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Article

Important Conversations at Work: Improving Communication Across Differences

Guest contributed by Katherine Giscombe

At this contentious time in the United States, the rights of all women are under fire.

In spite of movements against sexual harassment that are gaining in popularity and support, such as #MeToo and TimesUp, there are factions within the country including lawmakers who actively oppose equal, fair and just treatment for women. And there has been an uptick in violence and harassment directed against racial minority groups, which have been condoned, and even spurred, by those in high political offices.

Boundaries between our work and personal lives continue to blur given the increasingly 24-hour a day expectations of employers, greater levels of virtual work, and increased workloads across industries. It becomes more difficult, over time, to not bring concerns about our lives outside of work into the workplace. The context of our lives affects our well-being and experiences at work, as shown in Catalyst’s research on the Emotional Tax, which demonstrates that a majority of women and men across racial/ethnic minority groups report feeling vigilant or on guard in the workplace, constantly preparing for the potential to deal with bias, discrimination, or exclusion.

It is vital for employees and associates to be able to engage with each other in a healthy manner, and develop mutual understanding even when they do not share similar backgrounds or experiences. Further, in the workplace, as research on career progression has shown, it is essential to develop relationships with allies and potential sponsors who can help progress one’s career. But doing so can be difficult among those from different backgrounds.

Catalyst has developed methods for reaching across differences to form meaningful connections at a personal level. It starts with understanding how communication among employees and associates can improve, and providing tactics to do so. In summary, reluctance to engaging across differences can fall into three major themes:

  • There isn’t a problem (attitudes about whether issues of gender, race, and ethnicity warrant concern)
  • There’s no benefit to talking (judgments about whether it’s worth the effort to discuss these issues)
  • There will be negative consequences to my actions (experiences that influence whether someone speaks up or remains silent).

Those who feel that there is not a problem may assume that race or gender differences don’t matter, because they believe they view women and men equally, and have no racial prejudice. A way to move beyond these beliefs is to ask one’s colleagues (of a diversity of genders and race/ethnicity groups) if they have ever experienced or witnessed biased behavior, and probe on what it looked like, what was verbally communicated. Further, they can ask whether colleagues of a different racial, ethnic, or cultural background feel that the workplace respects their identity and experiences.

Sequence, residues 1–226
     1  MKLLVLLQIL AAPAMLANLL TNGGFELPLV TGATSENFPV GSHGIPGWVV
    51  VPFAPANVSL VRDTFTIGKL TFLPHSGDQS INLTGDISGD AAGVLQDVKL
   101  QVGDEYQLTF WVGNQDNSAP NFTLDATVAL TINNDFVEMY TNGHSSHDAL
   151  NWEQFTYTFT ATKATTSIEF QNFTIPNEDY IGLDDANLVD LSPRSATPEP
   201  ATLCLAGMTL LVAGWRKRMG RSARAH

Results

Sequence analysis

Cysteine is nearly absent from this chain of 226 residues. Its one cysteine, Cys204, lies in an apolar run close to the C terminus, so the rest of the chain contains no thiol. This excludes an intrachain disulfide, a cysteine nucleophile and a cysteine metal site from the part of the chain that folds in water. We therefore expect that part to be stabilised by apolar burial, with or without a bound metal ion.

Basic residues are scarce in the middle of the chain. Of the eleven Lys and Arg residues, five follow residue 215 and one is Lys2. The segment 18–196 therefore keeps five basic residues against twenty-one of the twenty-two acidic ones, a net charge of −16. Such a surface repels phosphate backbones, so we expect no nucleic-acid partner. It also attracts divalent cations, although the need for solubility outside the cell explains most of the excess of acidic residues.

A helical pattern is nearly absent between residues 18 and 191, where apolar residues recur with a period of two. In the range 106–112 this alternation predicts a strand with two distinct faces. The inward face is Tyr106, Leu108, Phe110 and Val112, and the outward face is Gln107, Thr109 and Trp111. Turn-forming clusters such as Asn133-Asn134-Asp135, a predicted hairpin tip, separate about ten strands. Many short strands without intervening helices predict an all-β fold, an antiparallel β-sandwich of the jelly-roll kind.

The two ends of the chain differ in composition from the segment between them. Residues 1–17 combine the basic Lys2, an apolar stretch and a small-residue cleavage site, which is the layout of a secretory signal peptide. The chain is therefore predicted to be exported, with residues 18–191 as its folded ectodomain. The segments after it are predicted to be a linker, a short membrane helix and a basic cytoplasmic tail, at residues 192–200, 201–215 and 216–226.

Those who believe there is no benefit in talking may feel that race and ethnicity are not relevant in certain places, or that talking about our differences can only further divide us. Catalyst recommends asking colleagues a number of questions, including identifying times when discussing any type of difference has led to a positive outcome. Another suggestion is to identify “off-limits” issues— then discuss how not talking about these issues can derail inclusion.

Finally, the fear that there will be negative consequences to my actions is sometimes grounded in the fear of being labeled as overly sensitive, or the belief that it is not safe to speak up in the workplace. In these cases, Catalyst recommends that an employee ask a colleague for help in providing honest, constructive feedback, especially in cases where the employee uses words that are hurtful or offensive. Other advice includes asking a team member who has been silent during a meeting if he or she would like to contribute a different perspective.

In Catalyst’s workshops and consulting engagements, we sometimes use “ice breaker” exercises that build rapport across differences. One such example is a “pair share” in which each member of the pair names three identity groups he or she belongs to, including two visible elements of difference, and one invisible. Each person then takes turns sharing aspects of their identities. When sharing one’s identities, the speaker practices demonstrating vulnerability and self-disclosure. The listener, in turn, practices suspending judgment and inquiring across difference.

Going beyond building interpersonal connections at work, employees and associates can also co-create structures at work that encourage inclusion. This might entail forming an employee or associate resource group (ERG) for all women in the organization, that focuses on the many needs encompassed by women. In working with Catalyst’s supporter organizations, we sometimes see that women of color prefer to join an ERG that represents their racial/ethnic group, rather than the women’s groups. A good way to form alliances to get more done for all women would be for a women’s ERG to ensure that its officers represent a diversity of women within the company, and also represent the interests of a diversity of women.

Reaching across differences to form meaningful and robust working relationships can enhance our personal and professional lives, and provide a fortification of support during fraught times.